Since I’m at the age now that starting a family has become a frequent topic of conversation, having a sound financial plan to make sure one’s child has the option and privilege to get an education, seems like a wise thing to consider. We are going to discuss real estate (surprise coming from me I know) as a viable alternative to RESPs for funding your children’s education. This strategy I stole from one of my best mortgage professionals Jason Henneberry, Owner of Mortgage Pal. A few months back he had this exact strategy featured in “Canadian Real Estate Wealth Magazine”.
You may or may not be aware, the Canadian Education Savings Grant was initiated to help families save for their children's post secondary education. The federal government “tops up” your contributions to a maximum of $500 ($2,500 x 20%) per child per calendar year, to a lifetime maximum of $7,200.
On the surface, this sounds like a great deal, and it’s hard to pass up an immediate 20% return on your money. But it’s up to you to make ongoing investment decisions that will affect the long term performance of the portfolio. If we assume a 6% annual rate of return and you invest $2,500 per year and take full advantage of the CESG program, your child’s education fund will be worth approximately $83,000 in 17 years.
And as with most government initiatives, there are a lot of rules that dictate under what circumstances, in what amounts and for what purpose the money can be used. What happens if your child decides not to attend post secondary education? What if they have a brilliant idea and prefer to use the money to start a small business instead?
Perhaps there is a better way to spend your $2,500 per year and give your child more options and better control over their financial future.
The best student loan that money can buy…
Now let’s take a look at what would happen if you chose to forego the government grant of $500 and invest the $2,500 per year (or $208/month) to service a small equity loan on your primary residence in the amount of $39,195 based on 6% interest. Many people have access to much cheaper money against their home currently but this gives us a nice, long range cushion.
You decide to use the equity loan as the source of your 20% down payment for the purchase of a one-bedroom condo near UBCO valued at $189,900. The condo is new construction and comes with a waiting list of students willing to sign a one year lease at $1200 per month in gross rental income. After property taxes, condo fees and management expenses, you net $125 per month which covers the payments on the $156,782 mortgage that you obtained to buy the property. Use the positive cash flow to make two additional payments per year and at the end of 17 years, assuming an average interest rate of 4.50%, the mortgage will be free and clear!
The 80 year real estate price index tells us that Canadian real estate historically appreciates at a rate of about 6% per year. But even if we half that number and assume an average growth rate of 3%, the property will have increased in value to $323,920 by the end of the 17th year. And you own it free and clear (400% more than the $83,000 RESP).
Your child now has the option to sell the property and use the cash to pay for school, or take over ownership and refinance to create a self funding student loan which their tenant will pay off for them while they complete their education and eventually enter the work force. This second option has the added benefit of “staying invested” during those years and allowing the property to continue to appreciate. Remember, the RESP would have to be liquidated to pay for school and your child loses out on potential growth of the asset over time.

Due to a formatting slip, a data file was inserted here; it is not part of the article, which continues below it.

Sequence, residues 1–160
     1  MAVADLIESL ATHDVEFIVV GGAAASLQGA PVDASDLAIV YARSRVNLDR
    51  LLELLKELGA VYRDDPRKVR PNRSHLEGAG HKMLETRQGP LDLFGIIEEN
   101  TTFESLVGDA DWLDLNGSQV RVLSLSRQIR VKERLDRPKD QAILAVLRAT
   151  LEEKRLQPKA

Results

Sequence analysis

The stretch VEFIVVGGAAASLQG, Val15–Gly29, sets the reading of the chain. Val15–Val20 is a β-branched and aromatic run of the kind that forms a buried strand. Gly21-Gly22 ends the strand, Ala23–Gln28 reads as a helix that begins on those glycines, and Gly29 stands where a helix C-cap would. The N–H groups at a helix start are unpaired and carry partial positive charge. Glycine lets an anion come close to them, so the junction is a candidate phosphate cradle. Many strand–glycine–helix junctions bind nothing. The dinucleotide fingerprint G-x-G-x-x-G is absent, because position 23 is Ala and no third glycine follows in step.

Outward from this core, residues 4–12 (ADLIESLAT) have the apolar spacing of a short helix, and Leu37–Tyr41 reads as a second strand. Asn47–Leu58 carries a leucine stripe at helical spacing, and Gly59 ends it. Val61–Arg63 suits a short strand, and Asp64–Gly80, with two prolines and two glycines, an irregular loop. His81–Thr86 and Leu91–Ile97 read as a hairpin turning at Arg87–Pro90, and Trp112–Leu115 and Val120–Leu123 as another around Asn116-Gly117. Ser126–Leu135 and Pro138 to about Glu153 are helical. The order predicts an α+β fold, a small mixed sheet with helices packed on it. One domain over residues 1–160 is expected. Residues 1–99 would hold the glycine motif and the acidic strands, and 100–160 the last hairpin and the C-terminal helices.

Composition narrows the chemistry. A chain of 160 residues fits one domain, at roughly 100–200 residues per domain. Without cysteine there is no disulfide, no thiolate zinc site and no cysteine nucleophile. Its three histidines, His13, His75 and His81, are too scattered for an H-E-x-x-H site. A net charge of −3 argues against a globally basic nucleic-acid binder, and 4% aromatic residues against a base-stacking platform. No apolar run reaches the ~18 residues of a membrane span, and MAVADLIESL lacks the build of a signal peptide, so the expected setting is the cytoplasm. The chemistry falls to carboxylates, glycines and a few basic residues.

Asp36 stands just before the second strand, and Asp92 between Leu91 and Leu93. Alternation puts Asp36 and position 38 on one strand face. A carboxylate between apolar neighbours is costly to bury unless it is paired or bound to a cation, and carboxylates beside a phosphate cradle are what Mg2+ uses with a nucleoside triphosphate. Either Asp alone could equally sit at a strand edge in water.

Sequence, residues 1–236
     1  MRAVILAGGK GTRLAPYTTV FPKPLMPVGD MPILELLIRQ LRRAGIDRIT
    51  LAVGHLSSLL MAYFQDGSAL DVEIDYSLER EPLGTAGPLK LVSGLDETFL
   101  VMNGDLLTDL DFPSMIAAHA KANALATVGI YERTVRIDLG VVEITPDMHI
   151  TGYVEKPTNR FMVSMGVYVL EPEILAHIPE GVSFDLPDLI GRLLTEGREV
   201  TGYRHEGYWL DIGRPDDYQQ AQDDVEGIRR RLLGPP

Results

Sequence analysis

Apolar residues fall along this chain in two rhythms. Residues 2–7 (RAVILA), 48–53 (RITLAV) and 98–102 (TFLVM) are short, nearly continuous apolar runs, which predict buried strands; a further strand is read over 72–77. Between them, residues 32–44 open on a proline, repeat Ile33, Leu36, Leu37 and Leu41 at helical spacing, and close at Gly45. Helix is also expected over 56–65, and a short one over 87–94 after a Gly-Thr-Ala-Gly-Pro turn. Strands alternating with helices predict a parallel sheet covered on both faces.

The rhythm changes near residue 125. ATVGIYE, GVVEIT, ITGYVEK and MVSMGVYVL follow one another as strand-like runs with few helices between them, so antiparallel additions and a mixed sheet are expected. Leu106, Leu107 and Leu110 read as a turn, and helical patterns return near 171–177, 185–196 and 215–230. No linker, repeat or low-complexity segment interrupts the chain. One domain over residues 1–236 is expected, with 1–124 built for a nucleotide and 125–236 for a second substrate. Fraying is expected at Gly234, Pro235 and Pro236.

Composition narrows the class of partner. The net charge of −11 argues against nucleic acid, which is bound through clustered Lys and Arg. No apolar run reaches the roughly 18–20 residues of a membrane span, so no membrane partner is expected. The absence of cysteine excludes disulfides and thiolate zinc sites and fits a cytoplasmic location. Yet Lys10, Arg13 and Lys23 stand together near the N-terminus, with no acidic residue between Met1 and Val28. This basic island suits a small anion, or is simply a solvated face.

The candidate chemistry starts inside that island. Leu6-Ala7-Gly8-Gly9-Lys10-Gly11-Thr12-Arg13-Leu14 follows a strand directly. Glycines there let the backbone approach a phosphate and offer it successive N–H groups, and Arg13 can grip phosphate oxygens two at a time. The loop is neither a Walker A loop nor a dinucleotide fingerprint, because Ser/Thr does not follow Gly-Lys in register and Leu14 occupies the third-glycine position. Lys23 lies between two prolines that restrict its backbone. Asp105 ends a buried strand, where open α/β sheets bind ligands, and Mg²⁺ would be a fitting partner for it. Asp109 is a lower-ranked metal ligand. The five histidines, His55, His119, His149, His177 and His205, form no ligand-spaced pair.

The gift that keeps on giving…
It’s important to remember that the rental income from the property should more or less keep pace with inflation over the years as well. Assuming an average inflation rate of 3% per year, the rental income will have increased from $1200 to $1925 per month.
Let’s assume that your child decides to go to school and refinances the property to $210,500 to access the same $83,000 that would otherwise have been available in the RESP. At an average rate of 6% and monthly payments of $1,052, using the positive cash flow to accelerate the mortgage, it will be fully paid off in 11.2 years. That includes 4-5 years for school and a half dozen years getting their career of the ground.
Provided our assumptions hold true over the course of time, your child (now 28 years of age) will be the proud owner of a clear title property worth approximately $448,381 which generates NET cash flow of over $21,000 per year. Show me the RESP that even comes close to delivering that kind of long term performance!
And in terms of education, your child not only has a degree (hopefully!), but they might also have learned a thing or two about how to manage real estate during their formative years. And now they can leverage their asset as they move into the next phase of their lives, perhaps to pay for a wedding, or to help them with the down payment for their own home, or maybe even to do the same for their kids and pass the knowledge along to the next generation.
For a full PDF analysis showing the performance of the one bedroom units under construction right now at UBCO over time just drop me a quick line to [email protected]
Strategy and much of this content provided by Jason Henneberry of Mortgage Pal.